COLUMBIA, S.C. — Parents of a boy allegedly burned by hot coffee at a Waffle House restaurant missed the deadline to designate their medical witnesses as experts, a South Carolina federal judge said Jan. 13, and ruled that the doctors’ testimony is limited to their observations and treatment of the child.
CHICAGO — An Illinois district court properly admitted a police officer’s testimony that coded language used in text messages was evidence that a man was involved in illicit drug activity, the Seventh Circuit U.S. Court of Appeals ruled Jan. 8, affirming the man’s conviction.
OMAHA, Neb. — A federal judge in Nebraska on Jan. 7 denied a motion to dismiss a toxic chemical exposure case and ruled that a cancer victim’s medical experts used methods that are “scientifically valid” and, therefore, they could testify in the case.
DENVER — An expert retained by a former NFL football player accused of assaulting a photographer cannot testify on the reasonableness of incurred medical expenses after a Colorado federal judge on Jan. 6 found that her testimony does not meet the requirements set by Daubert v. Merrell Dow Pharmaceuticals Inc. and Federal Rule of Evidence 702.
NEW ORLEANS — Proposed medical experts in a chemical exposure case do not meet the standards set in Daubert to testify as to causation, a federal judge in Louisiana ruled Jan. 8, granting a company’s motion to exclude.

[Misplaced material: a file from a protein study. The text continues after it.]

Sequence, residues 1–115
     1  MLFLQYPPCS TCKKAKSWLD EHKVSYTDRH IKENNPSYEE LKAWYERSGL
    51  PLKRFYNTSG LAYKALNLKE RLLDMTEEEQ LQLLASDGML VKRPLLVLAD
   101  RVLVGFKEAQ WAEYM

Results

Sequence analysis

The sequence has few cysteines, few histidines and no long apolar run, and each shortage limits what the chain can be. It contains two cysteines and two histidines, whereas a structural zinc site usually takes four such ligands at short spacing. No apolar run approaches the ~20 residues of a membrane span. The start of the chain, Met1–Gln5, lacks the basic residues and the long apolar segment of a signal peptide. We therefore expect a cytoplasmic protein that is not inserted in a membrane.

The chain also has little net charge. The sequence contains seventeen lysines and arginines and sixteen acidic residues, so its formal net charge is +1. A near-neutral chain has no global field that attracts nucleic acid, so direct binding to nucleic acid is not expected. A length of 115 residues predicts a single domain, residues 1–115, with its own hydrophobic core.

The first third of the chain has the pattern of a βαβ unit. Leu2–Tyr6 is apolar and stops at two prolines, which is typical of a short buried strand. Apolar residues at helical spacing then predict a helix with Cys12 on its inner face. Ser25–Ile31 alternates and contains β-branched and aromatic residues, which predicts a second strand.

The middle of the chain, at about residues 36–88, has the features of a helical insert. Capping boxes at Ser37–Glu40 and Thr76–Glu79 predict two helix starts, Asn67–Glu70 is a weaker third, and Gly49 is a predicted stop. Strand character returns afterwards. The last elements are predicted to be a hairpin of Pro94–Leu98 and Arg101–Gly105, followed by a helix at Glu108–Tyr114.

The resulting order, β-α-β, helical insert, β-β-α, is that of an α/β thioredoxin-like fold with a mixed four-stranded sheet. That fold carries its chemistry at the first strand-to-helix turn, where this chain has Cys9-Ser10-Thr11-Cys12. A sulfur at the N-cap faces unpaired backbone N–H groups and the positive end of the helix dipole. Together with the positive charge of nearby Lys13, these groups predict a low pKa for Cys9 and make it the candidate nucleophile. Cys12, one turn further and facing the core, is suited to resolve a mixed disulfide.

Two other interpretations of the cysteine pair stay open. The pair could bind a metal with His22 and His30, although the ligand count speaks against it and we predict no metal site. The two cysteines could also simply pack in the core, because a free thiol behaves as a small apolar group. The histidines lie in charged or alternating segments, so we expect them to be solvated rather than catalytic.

NEW YORK — The Second Circuit U.S. Court of Appeals on Jan. 6 affirmed that a New York school district violated the Voting Rights Act by holding at-large elections for its school board members, agreeing that the district court did not abuse its discretion in admitting expert testimony, among other findings.
MONROE, La. — A proposed engineering expert’s testimony will be limited in a suit disputing when a fracture in a barge occurred after a federal judge in Louisiana ruled Dec. 28 that the expert lacked the specific training to determine when the fracture occurred.
CHICAGO — Science recognizes BAP-1 as the only genetic mutation related to mesothelioma, and even then only in conjunction with other mutations, an Illinois judge said Dec. 30 in denying a motion seeking full genetic testing of an asbestos plaintiff.
SAN DIEGO — A federal judge in California on Dec. 29 declined to reconsider a November order granting certification to a class of California consumers accusing The Kroger Co. of violating California laws, including the unfair competition law (UCL), by labeling certain breadcrumb products with “0g Trans Fat” while they were made with partially hydrogenated oil (PHO).
WICHITA, Kan. — A federal judge in Kansas on Dec. 18 mostly denied a lawn mower manufacturer’s motion to exclude expert testimony proposed by a man who claims that defects in the mower caused an injury.
ABINGDON, Va. — A proposed liability expert witness in a slip-and-fall lawsuit will offer nothing that would be helpful to a jury, a federal judge in Virginia ruled Dec. 18, granting Walmart’s motion to strike but denying its request for summary judgment.